hotos and Article By: Ashley & Stephen Edited By: Karen Hidalgo A year ago, Stephen and I decided to move to Spain to escape the conventional “American dream.” The dream where you work 40+ hour weeks to maintain a white picket fence, while desperately looking forward to the only two-weeks a year given to you to explore the world. We were seeking a minimal but meaningful lifestyle. We believed Spain was the perfect destination to find this. We knew there would be some cultural barriers, but we were eager to embrace it all. This is what we have learned about the Spaniard Culture so far:
1. “NO PASA NADA” ATTITUDE
Everyone has a “no pasa nada” attitude (translation: nothing is ever wrong). You are a half an hour late to lunch — no pasa nada. The copies you requested a week ago aren’t ready — no pasa nada. You forgot to bring your flash drive for today’s presentation — no pasa nada. You paid your light bill late — no pasa nada. They do not stress on the little things, or the big things, for that matter. As long as you eventually make it to lunch or do your presentation, life is good. It’s a beautiful way to live, but it is a mantra we are learning to live by. I am constantly reminding my Type-A personality that I’m not in America, and I’m not going to get fired.
2. THEY KEEP IT REALWe’ve learned that Spaniards are blunt. For example, the first day of school Stephen walks into his third-grade class and an eight-year-old boy shouts “que guapo” (how handsome). Kids and adults all ages have no shame, they will tell you how it is — the good, the bad, and the ugly.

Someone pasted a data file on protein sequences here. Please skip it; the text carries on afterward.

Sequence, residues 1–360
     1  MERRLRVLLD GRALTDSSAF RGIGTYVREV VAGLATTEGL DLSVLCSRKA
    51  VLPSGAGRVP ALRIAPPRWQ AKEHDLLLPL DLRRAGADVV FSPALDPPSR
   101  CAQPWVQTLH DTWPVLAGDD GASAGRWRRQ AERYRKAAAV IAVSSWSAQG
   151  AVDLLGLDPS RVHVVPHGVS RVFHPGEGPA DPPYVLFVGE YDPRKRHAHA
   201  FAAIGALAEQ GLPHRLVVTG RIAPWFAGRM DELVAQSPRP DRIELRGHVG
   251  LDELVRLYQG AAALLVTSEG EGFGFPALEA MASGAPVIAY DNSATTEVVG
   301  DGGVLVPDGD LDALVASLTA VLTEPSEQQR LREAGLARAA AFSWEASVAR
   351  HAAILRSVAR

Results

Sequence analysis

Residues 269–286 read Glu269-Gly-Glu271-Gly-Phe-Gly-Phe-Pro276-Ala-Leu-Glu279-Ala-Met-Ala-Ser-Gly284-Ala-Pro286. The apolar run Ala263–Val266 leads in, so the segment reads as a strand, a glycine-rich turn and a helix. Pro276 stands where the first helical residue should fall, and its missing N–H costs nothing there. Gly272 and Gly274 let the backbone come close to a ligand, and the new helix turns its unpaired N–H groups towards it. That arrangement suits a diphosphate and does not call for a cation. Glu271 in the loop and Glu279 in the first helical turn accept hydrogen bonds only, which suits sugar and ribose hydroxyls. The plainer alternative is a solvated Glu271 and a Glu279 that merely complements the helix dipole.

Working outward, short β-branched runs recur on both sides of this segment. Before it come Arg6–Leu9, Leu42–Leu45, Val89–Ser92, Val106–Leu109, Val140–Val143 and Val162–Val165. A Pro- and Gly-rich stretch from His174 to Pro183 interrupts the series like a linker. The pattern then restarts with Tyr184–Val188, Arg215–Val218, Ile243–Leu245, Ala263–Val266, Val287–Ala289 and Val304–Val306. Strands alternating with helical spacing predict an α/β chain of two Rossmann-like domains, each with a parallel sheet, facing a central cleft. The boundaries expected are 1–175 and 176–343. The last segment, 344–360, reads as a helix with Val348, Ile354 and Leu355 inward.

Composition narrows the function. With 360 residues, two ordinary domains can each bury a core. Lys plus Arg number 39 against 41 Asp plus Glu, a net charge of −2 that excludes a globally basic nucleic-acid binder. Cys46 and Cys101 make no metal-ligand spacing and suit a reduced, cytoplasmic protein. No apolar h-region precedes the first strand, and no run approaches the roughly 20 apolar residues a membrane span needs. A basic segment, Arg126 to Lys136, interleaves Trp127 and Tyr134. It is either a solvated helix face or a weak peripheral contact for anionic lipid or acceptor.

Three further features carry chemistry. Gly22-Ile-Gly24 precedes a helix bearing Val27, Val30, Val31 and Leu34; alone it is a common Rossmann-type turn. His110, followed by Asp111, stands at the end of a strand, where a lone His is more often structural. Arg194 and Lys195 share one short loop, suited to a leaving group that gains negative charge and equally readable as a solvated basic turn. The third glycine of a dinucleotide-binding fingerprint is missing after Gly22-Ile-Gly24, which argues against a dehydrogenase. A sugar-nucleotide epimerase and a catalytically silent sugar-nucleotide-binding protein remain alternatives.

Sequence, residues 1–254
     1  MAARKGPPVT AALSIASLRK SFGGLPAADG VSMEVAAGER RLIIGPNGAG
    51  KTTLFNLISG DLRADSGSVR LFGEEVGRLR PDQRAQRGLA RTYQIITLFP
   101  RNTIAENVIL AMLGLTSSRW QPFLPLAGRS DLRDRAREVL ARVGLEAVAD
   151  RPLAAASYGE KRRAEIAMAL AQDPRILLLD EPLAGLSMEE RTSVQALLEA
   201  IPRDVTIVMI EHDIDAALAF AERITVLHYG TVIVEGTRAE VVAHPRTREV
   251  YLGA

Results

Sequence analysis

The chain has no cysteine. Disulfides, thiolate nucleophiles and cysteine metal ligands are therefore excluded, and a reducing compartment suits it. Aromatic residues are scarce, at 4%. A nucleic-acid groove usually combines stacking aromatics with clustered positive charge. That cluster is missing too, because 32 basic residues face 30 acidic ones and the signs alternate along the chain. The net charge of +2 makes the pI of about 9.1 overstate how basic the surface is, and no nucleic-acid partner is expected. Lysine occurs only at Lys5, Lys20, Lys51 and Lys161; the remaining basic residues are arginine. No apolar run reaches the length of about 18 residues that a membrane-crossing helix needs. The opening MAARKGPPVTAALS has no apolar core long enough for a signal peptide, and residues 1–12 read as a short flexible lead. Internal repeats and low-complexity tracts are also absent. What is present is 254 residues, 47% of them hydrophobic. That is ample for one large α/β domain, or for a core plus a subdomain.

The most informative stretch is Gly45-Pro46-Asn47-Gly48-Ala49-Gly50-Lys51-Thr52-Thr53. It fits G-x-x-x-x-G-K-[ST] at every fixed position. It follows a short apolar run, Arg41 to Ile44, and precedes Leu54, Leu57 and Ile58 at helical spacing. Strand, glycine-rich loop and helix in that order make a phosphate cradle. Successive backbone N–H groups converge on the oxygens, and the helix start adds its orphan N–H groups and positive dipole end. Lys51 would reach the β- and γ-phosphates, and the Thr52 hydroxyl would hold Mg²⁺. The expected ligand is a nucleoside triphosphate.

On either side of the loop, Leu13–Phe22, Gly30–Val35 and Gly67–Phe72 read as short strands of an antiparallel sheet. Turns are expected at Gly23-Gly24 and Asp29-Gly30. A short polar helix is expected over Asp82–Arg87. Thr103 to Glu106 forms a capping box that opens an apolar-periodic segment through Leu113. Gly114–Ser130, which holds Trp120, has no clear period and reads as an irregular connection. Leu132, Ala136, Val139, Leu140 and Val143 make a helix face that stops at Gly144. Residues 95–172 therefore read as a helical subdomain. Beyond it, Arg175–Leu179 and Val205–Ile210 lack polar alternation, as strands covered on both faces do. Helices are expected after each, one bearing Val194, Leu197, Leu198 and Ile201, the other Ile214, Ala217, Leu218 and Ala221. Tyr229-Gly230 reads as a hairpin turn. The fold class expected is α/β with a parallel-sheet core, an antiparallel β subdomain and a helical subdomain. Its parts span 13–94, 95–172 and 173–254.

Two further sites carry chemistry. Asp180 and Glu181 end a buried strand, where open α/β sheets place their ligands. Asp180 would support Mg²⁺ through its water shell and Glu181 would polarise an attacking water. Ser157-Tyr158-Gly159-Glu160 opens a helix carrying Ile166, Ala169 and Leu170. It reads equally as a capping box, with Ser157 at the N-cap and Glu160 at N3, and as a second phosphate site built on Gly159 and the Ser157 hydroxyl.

3. THEIR LOVING WAYS
Spaniard are a very welcoming and heartfelt population. When first meeting a Spaniard, you do not shake hands – you get not one but two kisses on the cheek. The proximity in which they continue talking to you will forever feel like they are one step too close. Their radius of personal space is much smaller than what we are used to. After a couple of minutes of getting to know you, they will invite you to their home. The rest will be history, and you will forever be family.
4. THEIR SCHEDULE
This is one of the most difficult things we’ve had to adjust to. Spaniards begin their day at 7:00 a.m. with a light breakfast. At 10:30 a.m. they will have a ‘real breakfast.’ This consists of toast with tomato spread and coffee – no eggs, biscuit, or pancakes *sad emoji*. At 2:00 p.m. they have lunch. From 2:00 p.m. – 5:00 p.m. the whole country shuts down for ‘siesta’. If you must go to the bank, post office, or dry cleaners – try again in two hours because we are home taking a nap. At 5:00 p.m. restaurants open, but only to serve light appetizers. The cooks arrive at 9:00 p.m., just in time for Spaniard dinner. Dinner is anywhere between 8:30 p.m. and 11:00 p.m. If it’s the weekend you won’t see a Spaniard in the club until about 2:30 a.m. Oh, and curveball, Spaniards run thirty minutes to an hour behind. They will never make it to a dinner reservation on time. Despite the cultural differences, as we continue to explore this country and its people we continue to fall in love. We hope we can capture and ingrain some of their easy-going habits into our lives. For now, all we can do is stick to the plan and embrace. For more adventures follow us on Our Abroad Life blog and Instagram below.
ABOUT THE AUTHORS
In 2009, a surfer boy from Orlando met a latina from Miami in the white sandy beaches of New Smyrna Beach. They were inseparable after that. For a short period, they went their separate ways to pursue their academic careers. Stephen attended the University of Florida and received a bachelor’s degree in Spanish. Ashley attended the University of Central Florida and received a bachelor’s degree in Marketing. Seven years later, after graduating and entering the nine-to-five grind, they decided they wanted another life. They wanted a life abroad. They packed their belonging and headed to Spain. They are currently living in Cartagena, Spain. They travel, blog, and teach English. They have visited 4 countries and 18 cities. Their next destination will be the French Alps. They hope to inspire family and friends to travel and explore new cultures.